6 A man named John was sent from God. 7 He came as a witness to testify concerning the light, so that through him everyone would believe in the light. 8 He himself wasn’t the light, but his mission was to testify concerning the light.
9 The true light that shines on all people
was coming into the world.
10 The light was in the world,
and the world came into being through the light,
but the world didn’t recognize the light.
11 The light came to his own people,
and his own people didn’t welcome him.
12 But those who did welcome him,
those who believed in his name,
he authorized to become God’s children,
13 born not from blood
nor from human desire or passion,
but born from God.
14 The Word became flesh
and made his home among us.
We have seen his glory,
glory like that of a father’s only son,
full of grace and truth.
The “man named John” in verse 6 was not the man who wrote this gospel, but the preacher/prophet known as John the Baptist. He lived out a calling to “testify concerning the light.” The gospel writer clearly defined what he meant by “light.” Jesus, he said—the Jesus he had seen, heard and known—was the light who broke into the world’s darkness. As darkness couldn’t put out light, so Jesus could deliver us from the darkness of our world, and within ourselves. Then we, like John the Baptist, could “testify” to the light.
Lord Jesus, I choose you as the Lord of my life. Help me, even when it challenges me, to always keep my heart open to welcome you. Amen.
I’ve long been a fan of comedy acts from the old vaudeville shows. Vaudeville shows were traveling troupes (1890-1930) that would feature everything from classical musicians, trained animals, jugglers, one-act plays, & comedians. Many of the great comedic duos like Laurel & Hardy, Abbot & Costello, and Burns & Allen, got their start in Vaudeville.
Aside: With the husband/wife duo of George Burns & Gracie Allen, George played the straight man & Gracie portrayed the slightly ditzy wife.
Gracie: You know, they laughed at Joan of Arc. But, she went right ahead & built it.1
Gracie: My husband will never chase another woman. He’s too fine. Too decent. Too old.2
Gracie: I like to put boiling water in a bag in the freezer. That way whenever I need boiling water, I simply have to defrost it. 2
George: Welcome to tonight’s Award Show! Or as it is known in my house, “Passover.”
Each comedic duo would have a Top Banana & a 2nd Banana role. The Top Banana would have the lead in the sketch & the 2nd Banana would be the straight man to set up the punch line. (The Top/2nd Banana jargon came from an old vaudeville skit about 2 guys trying to buy 3 bananas. It eventually became a shorthand description for parts in all routines.)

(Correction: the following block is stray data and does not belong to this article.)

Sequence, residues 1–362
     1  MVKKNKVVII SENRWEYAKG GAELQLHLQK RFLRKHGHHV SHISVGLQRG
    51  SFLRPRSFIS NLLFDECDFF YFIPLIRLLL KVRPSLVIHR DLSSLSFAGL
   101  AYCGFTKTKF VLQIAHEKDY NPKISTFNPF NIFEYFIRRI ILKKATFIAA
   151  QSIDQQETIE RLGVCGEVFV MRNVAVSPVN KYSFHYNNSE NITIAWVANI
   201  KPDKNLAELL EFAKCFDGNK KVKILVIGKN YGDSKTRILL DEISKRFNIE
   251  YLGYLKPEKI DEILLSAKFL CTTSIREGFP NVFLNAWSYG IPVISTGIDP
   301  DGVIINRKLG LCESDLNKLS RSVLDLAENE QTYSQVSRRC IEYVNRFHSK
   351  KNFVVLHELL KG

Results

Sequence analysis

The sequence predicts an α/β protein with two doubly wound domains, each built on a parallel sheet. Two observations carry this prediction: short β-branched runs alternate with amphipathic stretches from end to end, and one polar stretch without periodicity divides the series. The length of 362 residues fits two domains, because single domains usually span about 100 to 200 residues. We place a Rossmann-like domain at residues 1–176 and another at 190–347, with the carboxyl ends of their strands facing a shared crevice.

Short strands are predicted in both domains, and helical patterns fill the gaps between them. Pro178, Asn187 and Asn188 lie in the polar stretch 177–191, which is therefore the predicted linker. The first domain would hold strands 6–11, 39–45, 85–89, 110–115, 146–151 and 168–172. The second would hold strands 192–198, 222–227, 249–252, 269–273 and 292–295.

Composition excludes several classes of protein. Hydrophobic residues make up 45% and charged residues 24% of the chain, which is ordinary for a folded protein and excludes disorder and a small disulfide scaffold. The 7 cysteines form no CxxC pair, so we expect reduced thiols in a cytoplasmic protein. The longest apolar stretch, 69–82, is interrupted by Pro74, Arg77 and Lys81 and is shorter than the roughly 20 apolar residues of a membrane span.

When we think of “Top Bananas” & their partnering “2nd Bananas” today, we probably would consider duos like Batman & Robin, Simon & Garfunkel, & Bert & Ernie. However, I would submit that the greatest “2nd Banana” of all-time would have to be John the Baptist (JtB). Let’s consider his resume’:
For his opening act, JtB’s father, Zechariah, proclaims upon JtB’s miraculous birth that JtB would be called a prophet of the Most High and would go before the Lord & prepare the way. JtB’s ministry starts off-off-Broadway in the wilderness of Judea urging people to leave their comfortable lives & to experience moral renewal, receive baptism, & prepare for the coming of the Messiah. JtB was uniquely God-serving, not self-serving. Upon seeing Jesus, JtB urged his disciples to follow the “One who is more powerful than I.” He fearlessly spoke the truth to King Herod, which led to his imprisonment & eventual execution. As a showstopper, JtB received the endorsement of Jesus Christ: “Among those born of women, there has not risen anyone greater than JtB.”
So what might JtB’s ministry mean for us today? We know Jesus calls us to be the “light of the world,’ but that can be intimidating & overwhelming - so we pass on serving opportunities because we feel unworthy. Since we aren’t particularly skilled, like say a heart surgeon, we might defer from joining a mission trip, even though most mission trips don’t involve heart surgery - just showing the heart/love of Christ to others. Or since we don’t know the books of the Bible in order, we might pass on leading a Sunday School gathering, even though most Bibles have a table of contents. Or since our knowledge of Methodism & its history is a little sketchy, there’s no way we could assist worship as an usher or greeter, even though when congregants or guests ask about a john, they are rarely referring to Wesley. (That is a very vaudevillian quip – one can sense your flop sweat as you look offstage to “get the hook” – Editor. It's a tough crowd – DL.)
But what if we modeled our idea of ministry after JtB? Perhaps we could try to reflect the light of Christ to others so they could better see/hear/experience Christ for themselves. We wouldn’t have to have all the answers or have already perfected our walk with Christ, but we could simply be a believer who says come join me on my journey as we both seek to learn more about the God Most High & we both strive to live a life worthy of His name. Now that would really “bring down the house.”
Burns: Say good night, Gracie.
Allen: Good night.
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